High and popular culture, dining in Cleveland [classic article]

Cleveland is a perfect place to immerse yourself in both “high” and popular culture. Culture – whether it’s food, music or art – has been experiencing intense crossover for the past few years. With easy access to lots of styles through YouTube, cable television and migrating populations, people are appreciating a colorful spectrum of life experiences and can no longer be pigeonholed. The same person who likes fine cuisine may also enjoy punk music. A symphony goer may also enjoy a burlesque show.

Thanks to a couple of factors – Cleveland’s long-time German and Slavic populations, as well as old money from John D. Rockefeller and Standard Oil – the city was able to create and nurture one of the finest orchestras in the world. On the flip side of the coin, Cleveland DJ Alan Freed popularized the use of the phrase “rock and roll” to describe music emerging in the 1950’s. Decades later, the city became the site of the Rock and Roll Hall of Fame. It’s this comfortable mix of polished and rough that makes Cleveland special.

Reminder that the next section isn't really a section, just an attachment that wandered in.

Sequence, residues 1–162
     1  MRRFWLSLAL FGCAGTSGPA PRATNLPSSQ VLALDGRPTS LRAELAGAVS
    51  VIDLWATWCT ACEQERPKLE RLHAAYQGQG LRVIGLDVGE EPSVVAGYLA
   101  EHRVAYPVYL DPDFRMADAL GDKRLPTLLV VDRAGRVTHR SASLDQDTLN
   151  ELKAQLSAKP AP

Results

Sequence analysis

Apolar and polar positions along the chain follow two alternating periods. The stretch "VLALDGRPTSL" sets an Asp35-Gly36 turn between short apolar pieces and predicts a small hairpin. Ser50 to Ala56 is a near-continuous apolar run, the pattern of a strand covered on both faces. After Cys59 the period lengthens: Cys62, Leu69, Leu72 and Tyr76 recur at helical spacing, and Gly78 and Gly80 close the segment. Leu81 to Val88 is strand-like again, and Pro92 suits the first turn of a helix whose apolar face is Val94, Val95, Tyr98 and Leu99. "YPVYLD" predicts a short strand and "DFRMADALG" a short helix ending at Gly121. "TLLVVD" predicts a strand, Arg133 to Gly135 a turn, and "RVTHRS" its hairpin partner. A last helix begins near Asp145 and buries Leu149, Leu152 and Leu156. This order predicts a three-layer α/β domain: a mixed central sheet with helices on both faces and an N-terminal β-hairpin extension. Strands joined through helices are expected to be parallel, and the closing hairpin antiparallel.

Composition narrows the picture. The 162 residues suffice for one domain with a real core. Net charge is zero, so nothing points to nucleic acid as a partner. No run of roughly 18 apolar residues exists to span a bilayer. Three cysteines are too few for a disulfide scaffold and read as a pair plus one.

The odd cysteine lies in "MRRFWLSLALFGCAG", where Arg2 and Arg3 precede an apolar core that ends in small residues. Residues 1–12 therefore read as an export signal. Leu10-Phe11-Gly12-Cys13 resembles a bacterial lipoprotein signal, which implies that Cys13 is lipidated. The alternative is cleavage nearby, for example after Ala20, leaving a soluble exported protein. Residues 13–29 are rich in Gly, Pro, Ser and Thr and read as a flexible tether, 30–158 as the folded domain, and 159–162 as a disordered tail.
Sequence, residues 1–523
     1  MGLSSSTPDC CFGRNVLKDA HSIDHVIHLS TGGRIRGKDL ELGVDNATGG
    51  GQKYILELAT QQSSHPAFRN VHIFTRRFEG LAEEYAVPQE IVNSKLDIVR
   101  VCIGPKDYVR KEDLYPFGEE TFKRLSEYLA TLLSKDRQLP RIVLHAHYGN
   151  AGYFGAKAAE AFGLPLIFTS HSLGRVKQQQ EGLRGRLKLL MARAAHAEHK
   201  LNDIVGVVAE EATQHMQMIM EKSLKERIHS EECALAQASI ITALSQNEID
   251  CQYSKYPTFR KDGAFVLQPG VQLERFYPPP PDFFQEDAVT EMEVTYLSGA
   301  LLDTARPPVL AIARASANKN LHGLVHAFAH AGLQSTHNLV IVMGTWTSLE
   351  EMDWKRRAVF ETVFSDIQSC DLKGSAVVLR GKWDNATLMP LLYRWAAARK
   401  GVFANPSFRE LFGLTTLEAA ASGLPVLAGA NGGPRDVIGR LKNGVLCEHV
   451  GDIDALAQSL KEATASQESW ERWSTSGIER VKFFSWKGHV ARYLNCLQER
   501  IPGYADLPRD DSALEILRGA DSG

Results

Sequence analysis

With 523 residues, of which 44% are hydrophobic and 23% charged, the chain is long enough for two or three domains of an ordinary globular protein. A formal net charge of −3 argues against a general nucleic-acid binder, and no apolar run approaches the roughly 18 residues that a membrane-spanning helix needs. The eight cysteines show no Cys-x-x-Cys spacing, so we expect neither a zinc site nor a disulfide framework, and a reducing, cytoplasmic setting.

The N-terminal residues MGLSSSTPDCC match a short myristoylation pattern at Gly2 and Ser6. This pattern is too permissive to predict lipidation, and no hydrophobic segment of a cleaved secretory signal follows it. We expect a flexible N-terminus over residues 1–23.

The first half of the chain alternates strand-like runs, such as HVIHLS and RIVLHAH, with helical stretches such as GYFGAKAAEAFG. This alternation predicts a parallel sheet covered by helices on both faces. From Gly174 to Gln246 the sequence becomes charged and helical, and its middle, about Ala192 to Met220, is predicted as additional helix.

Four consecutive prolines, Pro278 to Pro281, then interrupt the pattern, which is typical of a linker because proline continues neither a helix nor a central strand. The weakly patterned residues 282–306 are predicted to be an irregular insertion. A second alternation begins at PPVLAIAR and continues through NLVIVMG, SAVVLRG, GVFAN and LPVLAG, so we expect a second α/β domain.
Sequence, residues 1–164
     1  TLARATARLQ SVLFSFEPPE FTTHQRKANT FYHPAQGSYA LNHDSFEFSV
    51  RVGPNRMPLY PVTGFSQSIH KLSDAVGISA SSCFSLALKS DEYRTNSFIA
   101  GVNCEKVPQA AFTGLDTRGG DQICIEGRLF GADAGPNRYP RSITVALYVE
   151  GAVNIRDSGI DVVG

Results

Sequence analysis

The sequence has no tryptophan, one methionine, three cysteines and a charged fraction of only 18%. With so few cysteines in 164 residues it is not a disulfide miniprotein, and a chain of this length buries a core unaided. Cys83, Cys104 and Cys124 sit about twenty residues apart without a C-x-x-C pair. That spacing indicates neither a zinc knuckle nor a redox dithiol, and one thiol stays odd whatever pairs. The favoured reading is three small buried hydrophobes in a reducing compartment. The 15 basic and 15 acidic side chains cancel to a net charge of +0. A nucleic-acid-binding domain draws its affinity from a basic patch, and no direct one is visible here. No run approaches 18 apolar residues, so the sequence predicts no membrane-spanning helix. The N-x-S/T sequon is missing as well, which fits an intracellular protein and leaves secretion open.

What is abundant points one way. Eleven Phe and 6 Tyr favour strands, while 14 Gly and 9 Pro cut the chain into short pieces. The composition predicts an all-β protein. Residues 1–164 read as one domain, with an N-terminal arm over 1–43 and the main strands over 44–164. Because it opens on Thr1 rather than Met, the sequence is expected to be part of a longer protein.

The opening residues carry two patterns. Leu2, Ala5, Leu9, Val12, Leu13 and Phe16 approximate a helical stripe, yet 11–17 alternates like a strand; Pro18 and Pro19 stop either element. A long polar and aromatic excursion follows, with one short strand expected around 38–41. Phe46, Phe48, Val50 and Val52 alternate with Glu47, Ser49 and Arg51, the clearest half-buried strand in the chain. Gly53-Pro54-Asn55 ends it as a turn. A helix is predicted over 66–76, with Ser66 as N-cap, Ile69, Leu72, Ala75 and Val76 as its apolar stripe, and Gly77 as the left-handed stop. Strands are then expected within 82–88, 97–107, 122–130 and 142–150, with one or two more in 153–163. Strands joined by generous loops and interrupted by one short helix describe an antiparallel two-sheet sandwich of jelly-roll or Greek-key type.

Where to stay: Cleveland has many types of interesting accommodations, to suit different tastes and budgets. The Cleveland Downtown Holiday Express absolutely does not feel like a chain, but a rather chic boutique hotel. It’s located in what was the 1894 Guardian Bank Building, complete with the grand masonry and high ceilings of that fin de siècle era. The rooms are spacious and decorated in a modern industrial but warm design. Amenities include Jacuzzis for two, mini fridges and a location that’s convenient to the 4th Street entertainment corridor and the new Horseshoe Casino.

Right over the Rocky River, across from the city limits is Emerald Necklace Inn. It’s pretty rare to find a bed and breakfast with so many amenities: beauty salon, tea room and a state park system with trails, golfing and fishing right in back. The rooms are spacious and elegantly – not busily – appointed, with decks and a sitting room.

What to eat: I’m starting to pick up when chefs — some of them quite famous — are copying Dante Boccuzzi’s style and dishes. But you know how it is with the original . . . imitators can feel like an old fashioned carbon copy from grade school. His eponymous restaurant in Cleveland, Dante, stays seasonal but versions of your favorites can still be found on the menu. Dante is located in a former bank and charcuterie is house-cured in what was the vault. A recent charcuterie platter included a mild, creamy quenelle of chicken mousse, pork “Slim Jims”, prosciutto, pork Speck, pepperoni, a fatty and smoky chorizo, pork pate’ with apricots, pate’ with pistachios and chestnuts, as well as crispy, seasoned breads. Nothing was overly salty or gamy or garlicky or peppery. The meats enhance your tastebuds, rather than killing them like some cured meats can do.